When you want something for nothing, the equation doesn’t add up.

Free-rides are too good to be true and anything that is too good to be true is just that. It is not real.

Rather than looking for free rides, start looking to pay a premium for things that are valuable. You will see a lot more opportunities there.

You can listen to the audio here:

Note:

Illustration by Ming. Ming is the creator of the Fantasy Story webcomic. He is also a freelance illustrator, designer, painting instructor and occasional luxury car salesman. Ming is based in Penang, Malaysia. You can find him on twitter @Artmaker

Dirty Dozen #9 – Expert

by Rajesh Setty on October 21, 2009

Dictionary definition:
A person who has comprehensive or authoritative knowledge of or skill in a particular area.

You would have heard someone say that “I am an expert” on one or more topics. You might have also said that you are an expert on one more topics. While it is good to be an expert on something, you might have some problems if you start believing it as if it’s 100% truth. The risk is that you stop all your investments to grow and learn on the same topic where you claimed your expertise.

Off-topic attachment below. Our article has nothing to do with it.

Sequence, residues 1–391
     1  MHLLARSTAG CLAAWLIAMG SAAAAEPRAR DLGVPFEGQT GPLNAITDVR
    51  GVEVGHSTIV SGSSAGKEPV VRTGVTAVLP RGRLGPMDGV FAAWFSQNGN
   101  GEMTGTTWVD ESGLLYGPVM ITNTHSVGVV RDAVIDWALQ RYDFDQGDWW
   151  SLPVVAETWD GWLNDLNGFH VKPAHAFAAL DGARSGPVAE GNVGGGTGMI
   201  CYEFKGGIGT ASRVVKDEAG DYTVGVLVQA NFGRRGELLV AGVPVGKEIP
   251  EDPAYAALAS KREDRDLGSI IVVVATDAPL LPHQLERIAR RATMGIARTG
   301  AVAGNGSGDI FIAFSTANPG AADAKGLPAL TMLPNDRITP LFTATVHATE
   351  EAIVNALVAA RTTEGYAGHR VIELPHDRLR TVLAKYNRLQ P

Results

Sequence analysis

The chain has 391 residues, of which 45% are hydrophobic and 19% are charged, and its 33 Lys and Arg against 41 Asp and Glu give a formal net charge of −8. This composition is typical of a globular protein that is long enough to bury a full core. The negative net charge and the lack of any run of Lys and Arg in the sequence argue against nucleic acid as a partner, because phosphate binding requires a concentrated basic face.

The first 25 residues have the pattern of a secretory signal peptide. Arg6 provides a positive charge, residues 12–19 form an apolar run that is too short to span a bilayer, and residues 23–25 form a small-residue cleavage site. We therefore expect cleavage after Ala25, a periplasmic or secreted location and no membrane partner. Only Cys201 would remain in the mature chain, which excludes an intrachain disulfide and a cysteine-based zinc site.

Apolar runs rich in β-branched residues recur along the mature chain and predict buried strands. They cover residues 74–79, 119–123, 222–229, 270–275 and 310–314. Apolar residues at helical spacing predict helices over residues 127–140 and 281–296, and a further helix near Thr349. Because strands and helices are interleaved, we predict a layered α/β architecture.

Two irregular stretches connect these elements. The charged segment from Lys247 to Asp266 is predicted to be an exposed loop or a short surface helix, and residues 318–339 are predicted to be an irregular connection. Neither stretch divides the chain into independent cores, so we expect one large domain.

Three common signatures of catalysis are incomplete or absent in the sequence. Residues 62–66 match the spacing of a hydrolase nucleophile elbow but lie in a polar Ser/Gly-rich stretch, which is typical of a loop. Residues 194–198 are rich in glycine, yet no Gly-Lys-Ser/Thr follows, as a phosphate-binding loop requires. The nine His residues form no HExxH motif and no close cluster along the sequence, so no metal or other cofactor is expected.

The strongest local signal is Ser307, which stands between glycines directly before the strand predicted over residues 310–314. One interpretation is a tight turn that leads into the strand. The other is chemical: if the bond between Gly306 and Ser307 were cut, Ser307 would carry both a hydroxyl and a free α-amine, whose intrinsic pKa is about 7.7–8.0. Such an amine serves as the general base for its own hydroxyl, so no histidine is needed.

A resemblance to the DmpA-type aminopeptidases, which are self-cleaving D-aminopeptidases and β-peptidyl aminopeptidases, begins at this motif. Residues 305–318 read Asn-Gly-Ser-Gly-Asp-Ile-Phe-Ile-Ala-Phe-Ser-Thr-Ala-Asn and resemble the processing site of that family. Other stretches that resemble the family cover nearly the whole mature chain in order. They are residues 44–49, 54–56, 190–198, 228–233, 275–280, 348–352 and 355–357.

In reality, the more you know about any topic, the more you realize that you don’t know much about it. In fact as noted author and Stanford Professor Jeffrey Pfeffer puts it nicely, “You need to be reasonably competent on a topic to know your level of incompetence on that topic.

Besides if you remember the “strengths theory,” you should really focus on strengthening your strengths rather than trying to fix your weaknesses.

Think about why you gained the so-called expertise on a particular topic. It is because you spent a lot of time working on that topic. You worked for a long time on that topic because you liked that topic. You liked the topic because that topic matched your interests.